Monday, March 17, 2014

Book: Losing My Religion by Vishwas Mudagal

A friend suggested this book to me and also informed me that the author is related to someone I know. The mostly positive reviews on the book too raised my expectation. The Just Books outlet in my area had several copies of the book and I was all set...

At the outset the author informs you that the book is influenced by his own experiences, the people he has met, and the places he has traveled to. Starting with the dedication page and through the first chapter you encounter corporate jargon like "kicking a**", "ruling the world" and so on. The author being an entrepreneur himself, the unabashed praise and paeans to the creed of entrepreneurs strikes you as rather brash.

The story starts with the protagonist Rishi going through a personal crisis. The predicament of Rishi is all too familiar for people connected to the IT industry. A young guy is brimming with ideas to take his gaming related software business to a new level but does not find support with the investors. A classic case of someone believing strongly in something and getting disillusioned when others do not see it the same way. He is forced to close his business. Well, he does get an offer to work with another organization. He views that as a compromise and doesn't want to take the offer. He chucks it all and goes on an unplanned trip around the country. On the way he meets an American traveler Alex, and later a bold and beautiful girl Kyra. The story keeps taking wild turns and calls for some suspension of disbelief from the reader.

For someone smitten by the written word, there are so many genres of books to feast on. Where does Losing My Religion fit in? In the pulp fiction genre. With the likes of Sidney Sheldon, Geoffrey Archer and so on. While reading Losing My Religion, a couple of books I read long ago did cross my mind. Books like Sheldon's If Tomorrow Comes, and Archer's Not A Penny More Not A Penny Less.  The thrill-a-minute nature of story telling. Well, Vishwas Mudagal still has some way to go before he can be compared to those two prolific weavers of improbable tales.

The way I see it, underneath all the breathtaking non stop action, the story is really about the present day pressures of the urban life and about the choices before the youth. About a choice between security and freedom. About conforming and non-conforming to society's expectations of you.

At the end of the book there is a section on some personal information on the author where it says that his favorite fictional character is Howard Roarke, the protagonist in Ayn Rand's novel The Fountainhead. In the way that Rishi reacts at the loss of his enterprise, you see shades of Roarke. A desire to behave in ways that are contrary to a rational understanding. Rishi discards the potentially promising career path and chooses to go looking for new frontiers, new adventures and new places.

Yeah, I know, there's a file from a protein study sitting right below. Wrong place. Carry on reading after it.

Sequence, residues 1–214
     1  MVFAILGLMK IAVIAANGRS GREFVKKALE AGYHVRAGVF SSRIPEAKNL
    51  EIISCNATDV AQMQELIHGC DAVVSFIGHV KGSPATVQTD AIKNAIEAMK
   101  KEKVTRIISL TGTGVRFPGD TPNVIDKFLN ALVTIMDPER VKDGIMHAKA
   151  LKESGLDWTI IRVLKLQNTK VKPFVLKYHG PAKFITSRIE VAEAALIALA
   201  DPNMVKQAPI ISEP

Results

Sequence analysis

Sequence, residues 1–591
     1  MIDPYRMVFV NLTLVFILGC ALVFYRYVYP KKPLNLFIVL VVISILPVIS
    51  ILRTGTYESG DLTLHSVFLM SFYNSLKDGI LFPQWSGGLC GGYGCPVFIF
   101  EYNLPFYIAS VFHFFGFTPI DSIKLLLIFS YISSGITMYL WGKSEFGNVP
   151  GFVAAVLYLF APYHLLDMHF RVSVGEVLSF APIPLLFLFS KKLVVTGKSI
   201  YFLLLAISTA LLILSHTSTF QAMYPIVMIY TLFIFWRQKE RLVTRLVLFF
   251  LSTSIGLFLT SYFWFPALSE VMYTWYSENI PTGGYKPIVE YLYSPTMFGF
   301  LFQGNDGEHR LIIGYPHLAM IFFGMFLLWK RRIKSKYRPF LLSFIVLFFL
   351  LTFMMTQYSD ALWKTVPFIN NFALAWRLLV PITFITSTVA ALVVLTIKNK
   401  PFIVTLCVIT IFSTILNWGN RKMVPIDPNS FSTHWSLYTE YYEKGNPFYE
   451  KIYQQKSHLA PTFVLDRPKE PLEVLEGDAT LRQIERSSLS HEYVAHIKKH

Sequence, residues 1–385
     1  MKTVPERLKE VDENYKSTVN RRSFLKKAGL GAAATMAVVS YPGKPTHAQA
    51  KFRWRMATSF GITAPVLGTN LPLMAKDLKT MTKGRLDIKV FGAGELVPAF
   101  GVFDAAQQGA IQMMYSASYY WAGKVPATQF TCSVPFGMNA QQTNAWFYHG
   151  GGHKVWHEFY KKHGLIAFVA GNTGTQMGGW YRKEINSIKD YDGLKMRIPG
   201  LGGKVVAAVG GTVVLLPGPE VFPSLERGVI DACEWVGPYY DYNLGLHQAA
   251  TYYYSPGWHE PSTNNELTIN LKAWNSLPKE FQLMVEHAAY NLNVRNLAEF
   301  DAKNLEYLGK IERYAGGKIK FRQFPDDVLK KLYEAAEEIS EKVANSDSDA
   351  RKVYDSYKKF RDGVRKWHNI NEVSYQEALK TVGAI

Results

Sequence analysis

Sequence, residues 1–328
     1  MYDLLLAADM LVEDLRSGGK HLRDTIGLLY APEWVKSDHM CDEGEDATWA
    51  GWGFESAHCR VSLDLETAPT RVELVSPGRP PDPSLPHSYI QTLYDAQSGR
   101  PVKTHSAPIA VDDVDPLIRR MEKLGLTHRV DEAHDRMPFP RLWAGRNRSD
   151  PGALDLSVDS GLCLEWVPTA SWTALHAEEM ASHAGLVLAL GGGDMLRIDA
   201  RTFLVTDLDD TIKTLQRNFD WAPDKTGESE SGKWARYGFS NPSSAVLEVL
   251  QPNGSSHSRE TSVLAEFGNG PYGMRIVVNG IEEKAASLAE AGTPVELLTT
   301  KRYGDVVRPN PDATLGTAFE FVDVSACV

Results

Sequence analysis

Why do I think that the book also says something about the choice between security and freedom? In the first few pages, the author effectively captures the modern day issues faced by the urban young,- like career dissatisfaction, feeling of suffocation, effect of stress on relationships and so on. These are true for a lot of folks just as they happen with Rishi and his buddies. There is often a feeling that one is living someone else’s idea of how to live.

We must remember though that people do not live in a vacuum, and in most cases one's actions and attitudes are interconnected with others, importantly their families. An option to simply go away when things go wrong, like Rishi Rai, does not exist for most. Interestingly, in the story there is no mention of a family connected with Rishi. There is only an ex-girlfriend and another casual friend in his life, and Rishi is free as an Arab to do just as he pleases.

Most people hanging on to the security of a job, driven by deadlines, product release dates, fiscal year ends and so on, can experience the joy of an idiosyncratic and rebellious behavior only in a second-hand way. Through fictional characters like a Rishi Rai in LMR, or a Rancho in 3 Idiots. Probably that explains why that movie and this book have captured the popular imagination so much.

Through the character of Rishi, the author demonstrates an ideal entrepreneur's persona. We see how a true entrepreneur needs to keep the entrepreneurial spirit alive at all times. What the story also makes clear is that a true entrepreneur needs to possess a capacity to cope with insecurity and uncertainty. That is perhaps the price to pay to lead a life of freedom.

It is nice to see that a new book from an Indian writer, with a contemporary theme is attracting a lot of readers.

My Books page has information on the books I have read-